Values represent means ± of three replicates with 30 cultures. Values followed by the same letter are note significant at p < 0.05.

To further promote maximum rooting, we tested the effect of the incubation temperature (25˚C, 30˚C) in the dark for four days with two ways of IBA treatment. The shoots are incubated at a temperature of 25˚C or 30˚C in the dark for four days in an MS medium containing 2 mg·l−1 of the IBA, before transferring them to light at a temperature of 25˚C. The results of Table 6 showed that the use of a temperature of 25˚C has produced the best results in a number of roots in 4.64 ± 0.15 with a maximum length of root in 1.74 ± 0.12 cm and a rooting percentage of 17.33%. compared to the use a temperature of 30˚C, have been decreased the percentage of rooted shoots and the number of roots and the quality of the shoots is slightly affected in the dark and at the temperature, then the leaves have lost their green color and have become yellow, these results showed that the temperature above 25˚C does not appear to be decisive for induction or initiation of roots for shoots from axillary buds.

Table 7 showed, the age of the mother’s plant where it becomes explant has significantly influenced the rooting of the multiplicated shoots. The shoots from axillary buds taken from young trees (3 years old) had the highest percentage of rooting. Shoots derived from mature trees (12, 24, 36 years old) did not show a good response to rooting. It is clear that the rooting of cuttings decreases with the increase of the age of the mother’s feet; the adventitious rooting is practically zero for mature trees with an age of 12 years, 24 years, and 36 years. But rooting is achievable for young plants 3 years old.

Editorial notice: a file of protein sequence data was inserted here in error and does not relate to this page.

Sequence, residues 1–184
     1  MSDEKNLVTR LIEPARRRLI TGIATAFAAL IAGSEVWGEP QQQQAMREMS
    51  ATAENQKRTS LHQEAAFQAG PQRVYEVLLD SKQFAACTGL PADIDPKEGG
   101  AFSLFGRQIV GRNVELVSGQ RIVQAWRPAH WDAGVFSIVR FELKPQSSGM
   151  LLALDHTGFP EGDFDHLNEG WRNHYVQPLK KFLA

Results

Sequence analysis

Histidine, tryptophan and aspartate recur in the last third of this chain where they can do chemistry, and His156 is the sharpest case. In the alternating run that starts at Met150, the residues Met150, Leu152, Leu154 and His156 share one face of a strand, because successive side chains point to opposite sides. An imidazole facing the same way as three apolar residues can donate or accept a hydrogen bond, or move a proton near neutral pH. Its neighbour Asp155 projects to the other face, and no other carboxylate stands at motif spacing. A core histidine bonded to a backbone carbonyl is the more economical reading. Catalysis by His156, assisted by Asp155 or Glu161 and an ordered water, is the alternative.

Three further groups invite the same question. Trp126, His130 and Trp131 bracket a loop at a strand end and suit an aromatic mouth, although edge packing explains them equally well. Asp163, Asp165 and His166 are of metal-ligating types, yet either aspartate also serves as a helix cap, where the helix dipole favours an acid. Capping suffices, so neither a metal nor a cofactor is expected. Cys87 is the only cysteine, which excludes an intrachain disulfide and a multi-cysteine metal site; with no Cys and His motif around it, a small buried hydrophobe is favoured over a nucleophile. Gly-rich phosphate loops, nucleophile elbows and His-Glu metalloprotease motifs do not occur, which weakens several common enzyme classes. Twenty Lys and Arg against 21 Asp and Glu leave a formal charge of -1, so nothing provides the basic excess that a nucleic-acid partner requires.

4. Discussion

The micropropagation of axillary buds derived from the adult tree of C.siliquais

Table 6. Effect of incubation temperature in combination with two different treatments with IBA (2 mg/l).

Values represent means ± of three replicates with 30 cultures. Values followed by the same letter are note significant at p < 0.05. Ta: Culture on MS/2 medium supplemented by IBA; Tb: soaking 5 min in IBA before culture; Tc: control without treatment.

Table 7. Effect of the age of the explant on the rooting of the carob shoots on the MS/2 medium in the presence of 2 mg/l IBA.

Values represent means ± of three replicates with 30 cultures. Values followed by the same letter are note significant at p < 0.05. (G: generation on years old).